Texas Senate passes statewide ban on texting while driving

After working for four legislative sessions to pass a statewide ban on texting while driving, a bill to do just that cleared the Texas Senate today.

AUSTIN - It looks like the fourth time's the charm for lawmakers working to pass a statewide ban on texting while driving.

The Texas Senate voted 23-8 Friday to pass House Bill 62 by Representative Tom Craddick (R-Midland). 

Senator Judith Zaffirini (D-Laredo) carried the bill in the Senate. She said she's been working for 10 years to pass a bill like this and she was happy to work with Representative Craddick on the legislation.

The bill bans handheld texting while driving but allows drivers to use GPS and their music apps. It also preempts city ordinances related to texting. 

So, if HB62 becomes law, Austin drivers will be able to use their phones for GPS and music while driving. However, the city's hands-free ordinance as it relates to all other wireless device use still applies. 

This is the fourth session that Rep. Craddick has passed a texting while driving ban out of the House. The first time around it was added as an amendment to another bill, but then Governor Rick Perry, vetoed it. The next two sessions it was voted out of the House but died in the Senate.

Craddick said he understands some feel the bill takes away a driver's rights, but adds it protects the rights of others and there's evidence to back that up.

"If you look at statistics in the 46 other states that have passed it, what you're seeing is their number of accidents are down, their number of deaths are down, their number of property damage is down," Craddick said. "So we just had to prove to people that it's working in other states and it'll work in this state. The A&M study alone says it will save over 90 lives a year in Texas by just passing this law. If you just save one, to me, it's worth it."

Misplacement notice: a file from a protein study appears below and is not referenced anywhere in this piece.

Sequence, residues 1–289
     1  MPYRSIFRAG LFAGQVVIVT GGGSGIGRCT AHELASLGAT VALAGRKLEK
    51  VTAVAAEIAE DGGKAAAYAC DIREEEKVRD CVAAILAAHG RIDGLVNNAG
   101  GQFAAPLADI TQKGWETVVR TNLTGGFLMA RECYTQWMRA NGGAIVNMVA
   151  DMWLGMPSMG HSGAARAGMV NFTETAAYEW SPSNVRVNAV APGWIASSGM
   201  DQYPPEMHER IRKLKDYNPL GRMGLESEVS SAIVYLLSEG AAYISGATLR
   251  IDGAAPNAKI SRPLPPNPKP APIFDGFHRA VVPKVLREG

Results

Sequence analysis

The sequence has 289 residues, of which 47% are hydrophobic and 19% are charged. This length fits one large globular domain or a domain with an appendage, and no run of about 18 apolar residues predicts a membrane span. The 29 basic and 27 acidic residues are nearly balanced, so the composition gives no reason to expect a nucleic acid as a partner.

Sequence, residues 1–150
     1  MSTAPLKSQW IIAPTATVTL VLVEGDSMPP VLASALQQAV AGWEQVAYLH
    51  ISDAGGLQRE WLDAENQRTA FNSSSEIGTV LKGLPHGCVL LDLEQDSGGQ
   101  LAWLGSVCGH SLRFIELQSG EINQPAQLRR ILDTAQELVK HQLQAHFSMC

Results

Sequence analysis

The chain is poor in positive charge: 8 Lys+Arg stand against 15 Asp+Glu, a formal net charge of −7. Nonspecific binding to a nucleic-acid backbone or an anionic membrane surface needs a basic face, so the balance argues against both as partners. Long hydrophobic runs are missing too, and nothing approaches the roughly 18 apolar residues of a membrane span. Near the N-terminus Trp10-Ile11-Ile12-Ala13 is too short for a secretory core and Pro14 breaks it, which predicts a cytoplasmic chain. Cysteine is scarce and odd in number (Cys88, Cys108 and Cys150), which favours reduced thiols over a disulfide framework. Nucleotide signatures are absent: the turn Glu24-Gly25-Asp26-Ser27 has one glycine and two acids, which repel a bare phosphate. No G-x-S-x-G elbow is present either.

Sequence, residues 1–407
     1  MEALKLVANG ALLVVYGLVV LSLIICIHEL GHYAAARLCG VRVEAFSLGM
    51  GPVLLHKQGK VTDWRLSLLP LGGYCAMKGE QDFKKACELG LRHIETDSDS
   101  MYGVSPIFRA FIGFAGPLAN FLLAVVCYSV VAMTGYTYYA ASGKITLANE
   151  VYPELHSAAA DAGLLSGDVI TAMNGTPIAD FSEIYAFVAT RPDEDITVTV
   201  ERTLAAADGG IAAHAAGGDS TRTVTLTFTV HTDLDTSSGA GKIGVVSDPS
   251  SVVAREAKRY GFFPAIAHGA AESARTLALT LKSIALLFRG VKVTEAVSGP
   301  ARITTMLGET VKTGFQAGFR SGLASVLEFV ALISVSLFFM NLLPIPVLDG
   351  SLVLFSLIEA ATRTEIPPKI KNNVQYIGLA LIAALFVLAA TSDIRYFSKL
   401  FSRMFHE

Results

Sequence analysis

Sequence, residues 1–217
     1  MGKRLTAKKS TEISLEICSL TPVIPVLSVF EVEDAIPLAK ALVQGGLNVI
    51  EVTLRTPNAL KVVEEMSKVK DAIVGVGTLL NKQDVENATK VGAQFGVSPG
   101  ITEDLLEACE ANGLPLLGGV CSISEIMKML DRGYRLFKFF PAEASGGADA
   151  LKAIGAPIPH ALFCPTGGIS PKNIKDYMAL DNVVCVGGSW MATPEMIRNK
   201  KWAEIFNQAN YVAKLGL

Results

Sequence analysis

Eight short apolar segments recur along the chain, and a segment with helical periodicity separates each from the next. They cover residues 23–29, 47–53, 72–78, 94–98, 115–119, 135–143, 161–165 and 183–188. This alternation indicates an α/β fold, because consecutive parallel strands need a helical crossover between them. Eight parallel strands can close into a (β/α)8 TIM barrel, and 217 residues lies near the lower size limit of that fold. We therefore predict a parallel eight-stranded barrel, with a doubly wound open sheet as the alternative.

Craddick said he was surprised 23 senators voted in favor of the bill. During Senate debate, many senators acknowledged they were once against a statewide ban but changed their minds after hearing stories of fatal crashes from their constituents.

The Senate version of the bill is slightly different than what the House passed, but Craddick worked with the Senator Zaffirini to draft the Senate version and said he will concur with the changes. That will send the bill to Governor Greg Abbott for final approval.

Craddick said Abbott said at a public event in Midland a few months ago that he does plan to sign the bill.

 

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